Joystiq interview: Heavenly Sword's Nina Kristensen

Kevin Kelly
K. Kelly|06.29.07

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Joystiq interview: Heavenly Sword's Nina Kristensen
We caught up with Chief Development Ninja Nina Kristensen inbetween sword fights and developing video games at Ninja Theory, and managed to get some skinny on the upcoming PlayStation 3 ubertitle Heavenly Sword. She lets us know all about their influences on the look and style, some of the sexy Nariko's backstory, gives the definitive answer on multiplayer, and what games they play around the office whenever they're lucky enough to find some free time.

Check it out after the break, it'll help you kill some time while you wait for this game to hit the shelves.

Heavenly Sword is one of the "tentpole" games coming out for the PS3. What spurred you to develop this game and story?

We wanted to tell a big story, a big powerful story. So we went for a classic theme which is all about revenge and redemption, and then we built that story around our heroine Nariko, because she and the sword itself are the centerpiece for the whole thing.

Nariko often looks anguished and pained in some of the scenes we've seen. Does pain figure into the game or into her struggle?

She's gone through a lot, and is going through a lot in the game. So, the backstory to Heavenly Sword is that her clan are the guardians of the sword, and they're expecting a mighty warrior to be born on a certain day. Unfortunately, Nariko is born ... whoops! Absolute disaster, it's a girl, so she grows up with a really dark cloud over her head. Sure enough, 20-odd years later along comes King Bohan, and he's a maniac dictator type character, and he's absolutely obsessed with the sword. So he's coming to try and get it, and he's desecrating the land, he's pretty much butchered her whole clan, all trying to hunt down the sword. In a moment of desperation, she actually decides to pick up the sword, but of course the sword is far too powerful for a mere mortal, and it's going to kill her ... but it makes her really powerful in the meantime. So, she is out hell-bent on revenge and a lot of the anguish you see is part of her story arc, and she ultimately finds redemption after going on this massive rampage.

Women in video games are typically portrayed as scantily clad vixens with huge boobs, but Nariko seems much more realistic in a way, other than her hair, which is a character unto itself, was that a specific choice that you made early in the process?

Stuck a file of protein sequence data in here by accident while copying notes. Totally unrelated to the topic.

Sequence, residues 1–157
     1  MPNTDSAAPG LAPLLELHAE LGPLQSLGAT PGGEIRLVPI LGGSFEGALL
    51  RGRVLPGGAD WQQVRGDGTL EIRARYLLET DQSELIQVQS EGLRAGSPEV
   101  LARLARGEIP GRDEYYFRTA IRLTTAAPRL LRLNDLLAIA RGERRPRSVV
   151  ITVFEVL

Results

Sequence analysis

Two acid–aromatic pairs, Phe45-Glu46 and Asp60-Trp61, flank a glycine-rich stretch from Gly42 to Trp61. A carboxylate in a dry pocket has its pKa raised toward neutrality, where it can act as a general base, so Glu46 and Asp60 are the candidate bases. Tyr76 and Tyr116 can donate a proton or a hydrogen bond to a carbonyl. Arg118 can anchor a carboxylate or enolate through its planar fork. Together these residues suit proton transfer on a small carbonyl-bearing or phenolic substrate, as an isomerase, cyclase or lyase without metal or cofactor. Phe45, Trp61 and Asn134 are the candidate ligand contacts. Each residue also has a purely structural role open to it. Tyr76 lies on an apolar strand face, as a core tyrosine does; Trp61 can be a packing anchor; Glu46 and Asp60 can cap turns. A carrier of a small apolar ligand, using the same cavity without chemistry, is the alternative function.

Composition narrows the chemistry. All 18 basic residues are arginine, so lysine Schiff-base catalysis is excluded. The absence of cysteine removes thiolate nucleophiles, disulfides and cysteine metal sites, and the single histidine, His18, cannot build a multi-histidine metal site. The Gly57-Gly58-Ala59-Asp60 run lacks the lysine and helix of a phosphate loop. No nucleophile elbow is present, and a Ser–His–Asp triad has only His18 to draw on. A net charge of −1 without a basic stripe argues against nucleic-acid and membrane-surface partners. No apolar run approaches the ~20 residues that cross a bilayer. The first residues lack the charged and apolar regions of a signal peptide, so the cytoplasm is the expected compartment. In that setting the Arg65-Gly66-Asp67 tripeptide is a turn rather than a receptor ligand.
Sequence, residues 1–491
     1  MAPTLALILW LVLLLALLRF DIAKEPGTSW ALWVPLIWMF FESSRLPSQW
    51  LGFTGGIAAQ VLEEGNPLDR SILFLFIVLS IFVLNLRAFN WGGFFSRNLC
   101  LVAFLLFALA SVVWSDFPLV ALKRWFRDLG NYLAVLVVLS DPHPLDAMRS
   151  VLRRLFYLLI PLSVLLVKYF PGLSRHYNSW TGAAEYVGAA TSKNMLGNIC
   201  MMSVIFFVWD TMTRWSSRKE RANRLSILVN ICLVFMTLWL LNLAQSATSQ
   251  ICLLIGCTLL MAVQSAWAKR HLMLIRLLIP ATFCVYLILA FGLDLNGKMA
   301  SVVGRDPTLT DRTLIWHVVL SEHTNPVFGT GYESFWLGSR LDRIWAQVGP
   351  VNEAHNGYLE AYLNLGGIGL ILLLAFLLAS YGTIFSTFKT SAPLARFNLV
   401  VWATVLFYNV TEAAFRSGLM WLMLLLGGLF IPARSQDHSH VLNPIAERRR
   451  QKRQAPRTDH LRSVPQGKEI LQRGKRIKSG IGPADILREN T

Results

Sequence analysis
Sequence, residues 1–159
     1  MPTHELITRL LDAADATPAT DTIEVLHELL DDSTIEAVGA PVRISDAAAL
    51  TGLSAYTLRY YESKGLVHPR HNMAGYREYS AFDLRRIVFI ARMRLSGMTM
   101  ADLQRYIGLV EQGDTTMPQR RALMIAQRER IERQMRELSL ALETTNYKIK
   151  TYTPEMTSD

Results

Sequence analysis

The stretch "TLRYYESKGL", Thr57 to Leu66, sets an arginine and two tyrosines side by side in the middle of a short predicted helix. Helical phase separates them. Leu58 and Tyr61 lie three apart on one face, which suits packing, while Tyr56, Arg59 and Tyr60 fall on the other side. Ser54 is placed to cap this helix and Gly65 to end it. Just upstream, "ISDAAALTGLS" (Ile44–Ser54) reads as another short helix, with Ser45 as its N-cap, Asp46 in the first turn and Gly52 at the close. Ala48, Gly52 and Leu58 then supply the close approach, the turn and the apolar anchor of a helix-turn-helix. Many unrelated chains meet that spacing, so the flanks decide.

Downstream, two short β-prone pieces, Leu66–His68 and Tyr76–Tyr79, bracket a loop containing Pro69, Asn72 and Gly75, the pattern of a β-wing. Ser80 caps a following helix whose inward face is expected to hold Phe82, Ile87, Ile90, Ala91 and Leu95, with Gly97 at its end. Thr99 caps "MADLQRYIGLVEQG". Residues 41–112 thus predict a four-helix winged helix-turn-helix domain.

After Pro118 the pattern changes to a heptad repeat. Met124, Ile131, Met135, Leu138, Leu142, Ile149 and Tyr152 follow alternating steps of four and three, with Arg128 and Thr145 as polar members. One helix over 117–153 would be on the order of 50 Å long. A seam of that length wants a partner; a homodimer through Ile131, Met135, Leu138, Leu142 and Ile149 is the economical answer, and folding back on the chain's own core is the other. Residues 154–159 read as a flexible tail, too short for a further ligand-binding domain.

I don't think we ever made a typical comic-book type heroine. We wanted to make someone who was real, yes I think she's sexy ... I think she's pretty hot! But, she's powerful, she has a lot of inner conviction, and that comes out all the way through, and she can really kick ass!

Are there any plans for downloadable content or multiplayer for the game? Sony really seems to be pushing adding content after the fact to add value to the games.

In terms of mutliplayer no, not for this game. This is an intense personal experience, and when we do multiplayer, and I very much want to do it in the future, it will be a game that is really focused on that so that we can make a really great game in the Heavenly Sword space that is multiplayer. In terms of downloadable content, we're kind of talking to Sony about that. I'm very keen on doing stuff for Home, I think that would be very awesome, but there's nothing ultra-confirmed about that.

What inspirations did you all draw from for the artwork and the look? It has seems to have a lot of Japanese influence in the design.

In terms of the visual look we were influenced by a lot of different things. The Eastern influence comes from Crouching Tiger, Hidden Dragon, and Hero which were really big inspirations. The Western influence comes from Lord of the Rings and Conan for the epic scale and the drama and the musical underscore to make it all feel really big.

A lot of people have compared aspects of the game to God of War, even going as far to call this Goddess of War, did you try to emulate that game? Some of the gameplay elements are similar, she has the blades with the chains on them, there are the keyed moments during boss battles, etc.

We've certainly heard the comparison before, and actually, hey ... to be compared against something as great as God of War, that's not so bad. But I think there's a lot of differences, certainly the style of the game ... we're all about light and beauty and elegance in a very brutal world. The storyline is very, very different, and I think they both stand alone as great products.

When you had the featured clip on Heroes, did you all plan that or was it a happy coincidence? Did you know about it when it happened?

That was Sony. As far as I'm aware, the Heroes guys came to Sony, and Sony told them 'Look, this is what you've gotta have." We were thrilled! It was very cool.

As far as other games are concerned, do you all play any games at Ninja Theory to clear your heads or take a break for awhile?

There are all sorts of games going on, you know ... things like CounterStrike and that kind of thing. We're in a software forum / chat group about games, and we're always swapping stuff all the time, like 'Check this out, check that out.'

What's a better action game? Devil May Cry, Ninja Gaiden, or God of War?

Oh, that's a tough question! I think they all have their strengths, and they're all great games. Ninja Gaiden is obviously targeted more towards the hardcore, God of War I think is an awesome game, Devil May Cry ... I love it as well actually. I'm a big fan of this kind of genre ... I don't know, they're all good actually!
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